I’ve been thinking a lot lately about virtual credibility. I guess because a lot of the people that follow me on Twitter have some interesting bios. Some that would have you thinking or believing, “wow this person is impressive.” They say they do this and they have x amount of followers etc. etc.
Simply put, at some point your bio, your connections and the number of followers you have are going to mean nothing unless you can back it up with true hands on experience and knowledge. I will venture to say though, that you can learn a lot about someone via 140 characters or less. Consider that the ice breaker or the get to know someone phase if you will. And you know what? It can become pretty obvious after awhile, when actually talking to someone whether they have the “chops” or not. That’s the difference between virtual credibility and “virtual street cred.”
“Virtual Street Cred”
I could refer you to the urban dictionary for the loosely defined version of “street cred” but attaching the word “virtual” to it simply means that it’s one thing to talk it in the virtual space that is the blogosphere or Twitter, but it’s a whole nuther’ thing to walk it.
So yesterday I tweeted that I was thinking about virtual credibility, when Rachel Happe, whose views and opinion I respect very much, asked the following question:
Is “virtual credibility” like virtual currency…it’s not really money but it looks like it on the internet? 🙂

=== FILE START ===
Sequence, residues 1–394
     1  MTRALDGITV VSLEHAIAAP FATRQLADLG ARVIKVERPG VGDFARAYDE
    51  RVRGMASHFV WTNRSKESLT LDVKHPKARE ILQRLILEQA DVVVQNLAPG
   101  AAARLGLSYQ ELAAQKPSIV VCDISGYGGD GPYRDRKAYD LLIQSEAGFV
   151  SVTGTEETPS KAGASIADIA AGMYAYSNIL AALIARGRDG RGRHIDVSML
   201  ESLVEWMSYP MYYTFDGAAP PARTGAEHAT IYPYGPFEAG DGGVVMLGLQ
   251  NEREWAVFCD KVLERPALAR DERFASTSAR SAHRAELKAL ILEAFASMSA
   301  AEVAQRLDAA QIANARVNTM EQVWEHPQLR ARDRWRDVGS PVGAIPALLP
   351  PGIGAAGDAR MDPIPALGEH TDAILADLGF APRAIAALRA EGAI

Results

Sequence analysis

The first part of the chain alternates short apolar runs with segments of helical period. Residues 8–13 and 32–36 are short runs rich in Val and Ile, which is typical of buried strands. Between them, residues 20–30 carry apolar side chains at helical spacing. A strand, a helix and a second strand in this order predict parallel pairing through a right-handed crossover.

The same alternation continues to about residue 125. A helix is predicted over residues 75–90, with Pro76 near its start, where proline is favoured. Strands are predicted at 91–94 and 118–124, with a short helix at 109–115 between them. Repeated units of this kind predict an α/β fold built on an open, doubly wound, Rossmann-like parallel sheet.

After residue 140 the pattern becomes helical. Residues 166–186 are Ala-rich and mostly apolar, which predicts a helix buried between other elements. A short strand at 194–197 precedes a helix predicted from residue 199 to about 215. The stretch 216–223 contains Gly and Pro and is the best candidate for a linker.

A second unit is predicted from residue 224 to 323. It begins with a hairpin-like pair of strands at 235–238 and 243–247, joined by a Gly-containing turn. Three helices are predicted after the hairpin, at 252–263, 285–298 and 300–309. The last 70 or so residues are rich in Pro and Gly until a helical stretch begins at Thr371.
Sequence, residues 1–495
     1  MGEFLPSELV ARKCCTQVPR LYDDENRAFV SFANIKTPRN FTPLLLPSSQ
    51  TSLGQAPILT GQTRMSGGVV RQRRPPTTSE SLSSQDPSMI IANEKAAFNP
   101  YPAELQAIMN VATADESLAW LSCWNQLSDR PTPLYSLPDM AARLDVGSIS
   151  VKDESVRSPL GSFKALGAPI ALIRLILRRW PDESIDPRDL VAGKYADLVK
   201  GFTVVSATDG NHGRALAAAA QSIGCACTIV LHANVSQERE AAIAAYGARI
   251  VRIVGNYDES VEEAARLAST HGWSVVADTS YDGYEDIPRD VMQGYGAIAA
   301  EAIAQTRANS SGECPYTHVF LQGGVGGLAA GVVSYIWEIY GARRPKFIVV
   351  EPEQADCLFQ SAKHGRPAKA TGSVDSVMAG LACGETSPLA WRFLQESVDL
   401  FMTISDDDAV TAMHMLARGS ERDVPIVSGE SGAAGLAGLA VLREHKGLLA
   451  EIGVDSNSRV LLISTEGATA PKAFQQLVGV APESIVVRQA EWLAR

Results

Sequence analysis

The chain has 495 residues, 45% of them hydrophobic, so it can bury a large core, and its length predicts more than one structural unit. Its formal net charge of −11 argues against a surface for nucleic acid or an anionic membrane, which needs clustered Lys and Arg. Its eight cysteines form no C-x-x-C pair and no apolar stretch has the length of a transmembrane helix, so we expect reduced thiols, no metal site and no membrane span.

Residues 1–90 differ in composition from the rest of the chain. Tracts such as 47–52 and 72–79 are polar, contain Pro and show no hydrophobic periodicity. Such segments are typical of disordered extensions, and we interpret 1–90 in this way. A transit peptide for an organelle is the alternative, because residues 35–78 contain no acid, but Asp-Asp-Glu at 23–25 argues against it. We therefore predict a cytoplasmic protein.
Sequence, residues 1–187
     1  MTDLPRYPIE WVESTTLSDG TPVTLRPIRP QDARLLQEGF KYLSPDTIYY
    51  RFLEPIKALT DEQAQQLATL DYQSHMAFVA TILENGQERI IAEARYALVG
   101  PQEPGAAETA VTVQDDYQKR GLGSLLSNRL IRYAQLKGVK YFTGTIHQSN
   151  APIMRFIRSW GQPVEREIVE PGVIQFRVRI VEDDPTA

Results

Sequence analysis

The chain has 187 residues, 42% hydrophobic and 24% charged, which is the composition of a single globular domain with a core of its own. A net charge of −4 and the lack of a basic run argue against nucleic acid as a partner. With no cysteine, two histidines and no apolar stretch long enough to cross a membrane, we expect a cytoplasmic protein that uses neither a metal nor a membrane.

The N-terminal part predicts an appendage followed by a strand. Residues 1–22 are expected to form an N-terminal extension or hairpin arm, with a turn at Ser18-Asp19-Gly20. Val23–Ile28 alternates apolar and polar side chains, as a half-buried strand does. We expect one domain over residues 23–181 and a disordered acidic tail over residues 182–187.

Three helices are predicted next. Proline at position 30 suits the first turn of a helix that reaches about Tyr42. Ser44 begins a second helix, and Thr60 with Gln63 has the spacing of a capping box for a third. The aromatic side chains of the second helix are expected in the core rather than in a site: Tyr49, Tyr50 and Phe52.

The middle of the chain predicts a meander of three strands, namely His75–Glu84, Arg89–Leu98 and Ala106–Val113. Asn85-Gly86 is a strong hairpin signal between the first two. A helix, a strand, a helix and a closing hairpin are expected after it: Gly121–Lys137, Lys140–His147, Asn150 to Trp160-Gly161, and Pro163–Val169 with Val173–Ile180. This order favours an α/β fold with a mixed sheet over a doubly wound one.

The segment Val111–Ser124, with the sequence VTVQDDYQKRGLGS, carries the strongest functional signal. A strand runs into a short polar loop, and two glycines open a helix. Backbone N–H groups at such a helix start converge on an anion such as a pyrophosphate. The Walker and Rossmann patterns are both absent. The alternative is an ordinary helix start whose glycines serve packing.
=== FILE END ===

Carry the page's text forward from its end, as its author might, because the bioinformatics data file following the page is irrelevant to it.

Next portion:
Bingo! So, over the past few months, I’ve been having actual conversations with people I’ve gotten to know from Twitter. This is significant on a number of levels. Not the least of which is the virtual relationship has become something other than “tweeting” back and forth. Another significant aspect, is that before Twitter, I might have still been able to talk to people in the marketing, social media, PR and decision maker space but…It would have taken perhaps a cold call or semi-warm one at best to engage them. And many more to get to some type of comfort level.
Twitter has allowed us ways to create amazing relationships and opportunities at a rapid rate. Prior to Twitter we would have had to work twice as hard to get to know each other. As Brian Solis puts it in his most recent post:
As Twitter gains in relevance and prominence, its conversation platform will ring the alarms of any business that monetizes relationships, connections, and information exchange
From Twitter I’ve received opportunities to work on projects. I’ve also, on a daily basis been privy to a massive stable of talent that I can refer to for help, perspective, resources, advice, knowledge, expertise, partnerships and wisdom and most of all friendship. I have gotten to know people from so many diverse backgrounds that would have never happened otherwise. The majority of these people are a mere DM away. That is an amazing aspect that is not overlooked by me. Some of these people now have, in my eyes attained.
“Virtual Street Cred”
I used to think Twitter was silly (hated it really), but now, it’s invaluable. All those tweets really build a character of the people you interact with. And then when you meet them in person, it’s like you already know them well and you can move past the ‘getting to know you’ phase into a deeper relationship. Imagine that from a business perspective…wow!
I feel that way too.
How about you? What has happened to you since you’ve embarked on Twitter? Good, bad, or indifferent?